Saturday, January 26, 2013


Tamales get labeled under "Bold" as they aren't particularly beautiful or bright compared to the other stuff I cook. I made them over Christmas and had a blast!

For those who don't know, I grew up in Tucson Arizona on four acres of raw desert. We played our pants off most days - throwing cactus around like it was no big deal, catching lizards, and getting scared by spiders. Most years at Christmas we'd visit a neighborhood called "Winter Haven" and drove around looking at all the Christmas lights on palm tree's and cactuses that adorned peoples front yards. Additionally, this time of year is when my paternal grandmother pulled out all the stops and stuffed us full of tamales. She'd lay out everything assembly line style, line us up, and we'd crank out tamales like nobody's business. Also, as I think about it, I realized she's Southern Bell by birth, so I'm not really sure when Christmas Tamales started in our family. However - they're delicious either way, and I hope you enjoy them if you embark on making them!

Because tamales are a little bit difficult if you've never made them, I've posted this in a picture tutorial type post. Recently I hosted a tamale making party where my friend Mandi was kind enough to take pictures.

We made beef, pork, and sweet (dried figs and almonds).

Savory Tamales 

Carne Mix
3.5 lb meat (pork, beef, chicken)
5 cloves garlic
1 med onion, cut into hunks

Slow cook meat with garlic and onion. Shred, and add salsa. 


1 can chipotle chilies in adobe sauce
6 cloves garlic
1/2 medium onion
1 T ground cumin
1 T chili powder
2 T salt
2 T Olive Oil

2 cups broth

Pulverize in a food processor. Taste.

TASTE!!!! If you don't taste your salsa, and pour it over your meat, you run the risk of ruining all that beautiful meat. So taste your salsa at every. step. of. the. way. Make sure you like it, and it's strong. 

Mix broth into pepper puree, taste again.

Pour over shredded meat, and refrigerate overnight. 

3/4 c lard or crisco (room temp)
6 c broth
6 c masa harina (corn flour)
1 1/2 t baking powder
3+ T salt (likely you'll add more)
Corn husks

Soak corn husks in hot water (ziplock bags work best). Rinse and separate. 

Mix dry ingredients in large bowl (harina, salt, backing powered); add lard and broth.  Mix until combine - add water or flour as needed until the consistency is like a soft Play-Dough. It should not be runny or overly sticky.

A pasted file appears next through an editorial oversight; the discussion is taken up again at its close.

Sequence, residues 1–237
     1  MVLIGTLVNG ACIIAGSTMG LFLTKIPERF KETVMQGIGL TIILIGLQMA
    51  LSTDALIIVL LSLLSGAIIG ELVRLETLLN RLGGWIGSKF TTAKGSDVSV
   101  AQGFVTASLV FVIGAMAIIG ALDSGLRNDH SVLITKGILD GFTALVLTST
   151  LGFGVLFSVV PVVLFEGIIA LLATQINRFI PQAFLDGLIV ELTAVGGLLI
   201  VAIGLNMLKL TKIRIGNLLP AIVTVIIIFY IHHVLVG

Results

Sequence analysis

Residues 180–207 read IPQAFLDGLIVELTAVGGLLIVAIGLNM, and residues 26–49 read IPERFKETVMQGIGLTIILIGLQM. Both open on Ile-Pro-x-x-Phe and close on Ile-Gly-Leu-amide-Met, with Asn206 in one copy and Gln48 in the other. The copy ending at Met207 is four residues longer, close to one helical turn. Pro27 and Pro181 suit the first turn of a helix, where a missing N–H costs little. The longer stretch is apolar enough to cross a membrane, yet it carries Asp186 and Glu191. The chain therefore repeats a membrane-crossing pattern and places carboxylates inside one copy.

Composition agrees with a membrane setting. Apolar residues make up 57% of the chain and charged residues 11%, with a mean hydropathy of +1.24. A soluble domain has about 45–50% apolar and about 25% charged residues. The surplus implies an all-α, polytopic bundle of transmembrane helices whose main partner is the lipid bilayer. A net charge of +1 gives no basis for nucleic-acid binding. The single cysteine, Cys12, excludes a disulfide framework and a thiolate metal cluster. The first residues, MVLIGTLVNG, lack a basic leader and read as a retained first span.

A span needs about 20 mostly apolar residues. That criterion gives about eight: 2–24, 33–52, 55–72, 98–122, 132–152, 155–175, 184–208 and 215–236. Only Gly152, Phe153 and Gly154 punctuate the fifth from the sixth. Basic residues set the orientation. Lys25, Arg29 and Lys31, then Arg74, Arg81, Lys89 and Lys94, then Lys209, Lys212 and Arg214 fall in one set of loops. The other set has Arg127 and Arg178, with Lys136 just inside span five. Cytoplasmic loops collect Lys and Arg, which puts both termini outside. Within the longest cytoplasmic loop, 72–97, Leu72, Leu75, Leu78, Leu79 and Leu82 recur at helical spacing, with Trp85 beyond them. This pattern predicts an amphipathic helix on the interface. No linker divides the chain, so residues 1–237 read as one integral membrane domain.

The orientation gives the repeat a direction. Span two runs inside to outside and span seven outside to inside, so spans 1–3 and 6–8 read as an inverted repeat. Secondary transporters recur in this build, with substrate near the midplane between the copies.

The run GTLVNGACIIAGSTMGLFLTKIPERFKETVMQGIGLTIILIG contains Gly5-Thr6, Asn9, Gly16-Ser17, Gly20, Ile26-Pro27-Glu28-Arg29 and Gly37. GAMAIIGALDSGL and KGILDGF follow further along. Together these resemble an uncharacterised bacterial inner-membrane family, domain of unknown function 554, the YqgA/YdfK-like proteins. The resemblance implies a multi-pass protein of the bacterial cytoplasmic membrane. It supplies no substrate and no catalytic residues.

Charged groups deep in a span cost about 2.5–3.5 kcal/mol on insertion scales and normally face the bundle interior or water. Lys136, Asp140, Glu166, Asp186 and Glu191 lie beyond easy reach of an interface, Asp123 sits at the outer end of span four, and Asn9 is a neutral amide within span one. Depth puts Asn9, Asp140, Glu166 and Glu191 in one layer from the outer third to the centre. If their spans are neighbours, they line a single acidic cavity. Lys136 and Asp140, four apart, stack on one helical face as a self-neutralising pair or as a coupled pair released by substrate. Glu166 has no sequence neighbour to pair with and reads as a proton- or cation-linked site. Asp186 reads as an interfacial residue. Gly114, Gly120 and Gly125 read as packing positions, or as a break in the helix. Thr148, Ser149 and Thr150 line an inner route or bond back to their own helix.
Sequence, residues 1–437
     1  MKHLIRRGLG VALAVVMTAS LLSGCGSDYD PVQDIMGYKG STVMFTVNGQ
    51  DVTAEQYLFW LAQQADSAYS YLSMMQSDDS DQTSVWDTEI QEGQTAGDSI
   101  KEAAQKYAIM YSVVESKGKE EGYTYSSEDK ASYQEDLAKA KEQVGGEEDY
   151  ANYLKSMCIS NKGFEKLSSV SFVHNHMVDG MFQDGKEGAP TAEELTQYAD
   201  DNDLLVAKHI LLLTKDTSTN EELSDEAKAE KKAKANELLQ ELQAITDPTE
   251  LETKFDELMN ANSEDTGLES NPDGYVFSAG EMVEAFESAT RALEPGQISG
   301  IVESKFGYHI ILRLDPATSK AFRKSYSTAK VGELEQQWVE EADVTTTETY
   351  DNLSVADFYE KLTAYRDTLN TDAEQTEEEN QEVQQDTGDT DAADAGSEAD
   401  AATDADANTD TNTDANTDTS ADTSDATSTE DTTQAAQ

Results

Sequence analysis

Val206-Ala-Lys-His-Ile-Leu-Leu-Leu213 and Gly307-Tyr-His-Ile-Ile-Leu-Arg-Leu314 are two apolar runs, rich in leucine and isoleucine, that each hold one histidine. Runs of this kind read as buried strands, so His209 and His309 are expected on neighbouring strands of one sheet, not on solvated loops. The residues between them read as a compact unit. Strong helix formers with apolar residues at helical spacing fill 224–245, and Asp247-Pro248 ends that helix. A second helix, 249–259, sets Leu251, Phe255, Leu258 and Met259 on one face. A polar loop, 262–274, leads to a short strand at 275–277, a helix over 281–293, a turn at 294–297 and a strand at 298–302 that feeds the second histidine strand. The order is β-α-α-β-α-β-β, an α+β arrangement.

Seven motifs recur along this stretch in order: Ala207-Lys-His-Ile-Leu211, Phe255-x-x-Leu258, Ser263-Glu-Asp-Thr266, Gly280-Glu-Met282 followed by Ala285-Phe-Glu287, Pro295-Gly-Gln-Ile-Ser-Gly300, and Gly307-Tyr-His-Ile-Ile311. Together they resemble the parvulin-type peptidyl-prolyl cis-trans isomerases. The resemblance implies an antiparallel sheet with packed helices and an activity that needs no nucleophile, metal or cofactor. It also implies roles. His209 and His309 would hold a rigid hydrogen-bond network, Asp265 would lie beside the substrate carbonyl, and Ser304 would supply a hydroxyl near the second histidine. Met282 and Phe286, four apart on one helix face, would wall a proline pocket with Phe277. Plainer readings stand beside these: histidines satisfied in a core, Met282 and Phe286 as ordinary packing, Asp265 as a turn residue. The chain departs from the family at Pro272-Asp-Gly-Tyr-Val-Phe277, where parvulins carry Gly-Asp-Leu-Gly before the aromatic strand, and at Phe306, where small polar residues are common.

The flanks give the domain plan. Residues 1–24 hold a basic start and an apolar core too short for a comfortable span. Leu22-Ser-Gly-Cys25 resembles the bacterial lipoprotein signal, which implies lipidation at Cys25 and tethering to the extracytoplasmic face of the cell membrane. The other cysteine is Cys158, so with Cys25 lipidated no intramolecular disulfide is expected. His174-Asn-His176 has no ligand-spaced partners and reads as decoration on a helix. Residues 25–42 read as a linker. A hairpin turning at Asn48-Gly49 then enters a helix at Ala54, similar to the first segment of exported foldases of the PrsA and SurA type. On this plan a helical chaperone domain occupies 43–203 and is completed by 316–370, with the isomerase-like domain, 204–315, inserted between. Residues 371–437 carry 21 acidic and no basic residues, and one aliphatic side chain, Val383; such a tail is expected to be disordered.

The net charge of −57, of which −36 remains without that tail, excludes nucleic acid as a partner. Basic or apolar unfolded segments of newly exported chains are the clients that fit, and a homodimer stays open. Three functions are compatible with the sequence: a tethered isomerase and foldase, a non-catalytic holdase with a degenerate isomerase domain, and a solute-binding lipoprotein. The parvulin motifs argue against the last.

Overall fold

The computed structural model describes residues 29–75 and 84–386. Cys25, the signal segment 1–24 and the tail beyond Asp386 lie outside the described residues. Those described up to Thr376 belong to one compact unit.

Taste - add salt as needed. 

Spread about 3 T masa on corn husk, fill with meat, and fold corn husk to form the tamale. Leave about 1/2 inches as the top, and 4 inches at the bottom to allow expansions and proper folding/sealing, respectively. (This image is a good reference:

Because there are various steps in the process, figure out a system that works for you. I typically lean my steaming basket on it's edge, and keep everything within reach. From left to right - masa, husks, meat, basket.

Stack tamales, seam side down in steaming basket.

Bring water to a boil*, add tamale basket, turn down to a simmer, and steam for about 50-60 mins. 

We tried wrapping some in parchment paper. The one of the left is the original corn husk, and you can see the traditional texturing that are halmarks of tamales.  Parchment paper doesn't change the way they taste, just how they look. 

Served well with refried black beans, topped with sour cream or fresh salsa, and lime

Served with a little extra carne on top, cilantro and a wedge of lime. Amazingly delicious! 

Sweet Tamales:

2 c water
2 c masa harina
1/3  c lard
1/2 t baking powder
1 c sugar
dried fruit and nuts as desired

We used chopped dried figs and pecans, pictured below. Rasins and walnuts are amazing also.

Mix everything together. Place 3 T masa mixture into small corn husk, wrap, and steam. These traditionally do not have filling, but have the dried fruit and nuts mixed in with the masa.

Steam 20-30 mins.

*Penny Trick - place a penny at the bottom of your pot. When the water starts to boil you'll hear it rattle. If you don't keep water in the bottom of the pot, you'll burn your tamales, so the penny allows you to know if you need to add more water. If it's rattling - you're good. If it starts to slow - check water levels. If it stops - act quickly!! Get some water in that sucker and save the tamales! 

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